Unprecedented price action hits the pits

wheat field

We have seen things in the grain markets over the last week that we have never seen before — price action so unprecedented that I don’t even have to check the history to know they never happened before.

This is what happens when uncertainty hits markets that trade on knowledge. Lack of knowledge is scary, and high prices and volatility result.

We have been talking regularly about volatility, or fast price change, but until last week, we maybe did not know what it really was.

Take this example: On March 2, the Chicago July ’22 wheat contract touched limit up, while the July ’23 contract went limit down at the same time!

Or this one: Minneapolis May wheat locked limit up at $11.781⁄4, and then locked limit down just 30 minutes later. Thirty minutes after that, we were $1.041⁄2 higher again.

Or, one more example, over a little more time: In the previous week, both new crop corn and soybeans were sharply lower late in the week, but were sharply higher last week. Feb. 28 and March 1, May corn was limit up. During the day March 3 and 4, they touched limit up.

Market movement

Looking at some of the numbers, March corn futures touched the magic round number of $8 March 4. We are actually trading cash corn off the May futures now, but the number is still on the charts.

This morning, March 8, the same March futures are down to $7.373⁄4, off almost 12 cents for the day so far. December corn futures had a high of $6.47, but closed at $6.291⁄2 March 4. That close was still up 171⁄2 cents from the previous high. The daily high was up 351⁄2!

December corn was up another 131⁄4 March 7, but was up 20 cents at one point. The morning of March 8 we were off a nickel, at $6.373⁄4. December futures had a big ride March 3 and 4, with a 69-cent range over the two days.

For the week, the May corn gained 981⁄2 cents, while December rallied 493⁄4. The soybean market had the biggest action March 3 and 4, also. May soybean futures traded a $1.791⁄2 range on those days, with a high of $17.65 and a low of $15.851⁄2.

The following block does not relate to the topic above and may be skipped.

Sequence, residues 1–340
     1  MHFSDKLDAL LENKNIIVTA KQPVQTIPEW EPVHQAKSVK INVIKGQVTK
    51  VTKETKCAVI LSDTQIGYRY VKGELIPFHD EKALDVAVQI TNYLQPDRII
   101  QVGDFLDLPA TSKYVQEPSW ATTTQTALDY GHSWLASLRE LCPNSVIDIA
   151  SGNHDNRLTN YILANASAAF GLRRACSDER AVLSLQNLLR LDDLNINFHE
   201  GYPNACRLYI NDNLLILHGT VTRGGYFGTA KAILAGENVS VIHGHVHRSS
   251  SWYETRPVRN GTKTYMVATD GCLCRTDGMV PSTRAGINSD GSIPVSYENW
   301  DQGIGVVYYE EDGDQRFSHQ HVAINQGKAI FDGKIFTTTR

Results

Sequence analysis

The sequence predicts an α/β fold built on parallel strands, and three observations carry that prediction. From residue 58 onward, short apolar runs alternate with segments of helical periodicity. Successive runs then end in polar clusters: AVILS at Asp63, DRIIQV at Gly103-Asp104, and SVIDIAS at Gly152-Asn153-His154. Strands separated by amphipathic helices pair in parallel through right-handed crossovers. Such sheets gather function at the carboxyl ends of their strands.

The morning of March 8, we were up 12 cents, at $16.711⁄2. So, soybeans are back near the highs, but corn is not.

And yet, for the last two weeks, the trend is for the corn to gain on the soybeans. November soybeans finished 163⁄4 cents lower, while the December corn futures were 213⁄4 cents higher.

Chicago wheat

That brings us to Chicago wheat. It is a little thrilling to look at the update on your smartphone and see wheat futures up 85 cents in one day. Chicago wheat futures were up $3.25 in the last week. Yes, more than three dollars. You are reading it correctly.

But, notice that the difference between July ’22 futures and July ’23 on the Chicago Board is a whopping $3.72! The party is for this year, and next year has been helped, but is not along for the big ride.

It makes sense that wheat is leading the price parade. Ukraine is seen as one of the world’s great wheat areas, and we now worry if any of their winter wheat will actually get shipped. I have to assume much of it will, but the market acts like what does not get run in the mud by Russian tanks will never get shipped through Russian-controlled ports on the Black Sea.

All Russia has to do is capture Odessa, and they will have all the ports, whereas they had none a few years ago. In fact, some wheat will survive and be shipped, and the markets will adjust.

The adjustment is a little different for corn. It has sneaked slowly into our consciousness that acres of corn in Ukraine have increased. They still have a big chunk contracted, but not shipped. Until this war stops, I would guess no ships will enter Black Sea ports, especially since one was fired on this week.


That gets us to soybeans, which are along for the ride. Traders love to speculate in soybeans, so they have to move in price when wheat and corn are jumping higher.

However, there is no fundamental reason I understand why soybean fundamentals are affected here, except as they compete for acres planted this spring. They are just trading in sympathy, and in fear.

Cash grain farmers need to reward the selling opportunities being presented here, but it is easy to be conservative and tell ourselves that there is plenty of time. Actually, there is not much time, unless all commodities are blowing out the top. The market ends when everyone says it has to go higher.

There are legitimate production concerns. What does a Ukrainian farmer do about planting with all the uncertainty about who will be running the country and what the financial landscape will look like. What will the currency be worth? Should a farmer put his money and work into a crop only to have it stolen by an invader?

I would think that Putin thought he would roll into Ukraine and be greeted as a hero, not a zero. Now we don’t know what will happen to Ukraine or to agricultural production there, and that lack of knowledge is being wildly expressed in the markets.


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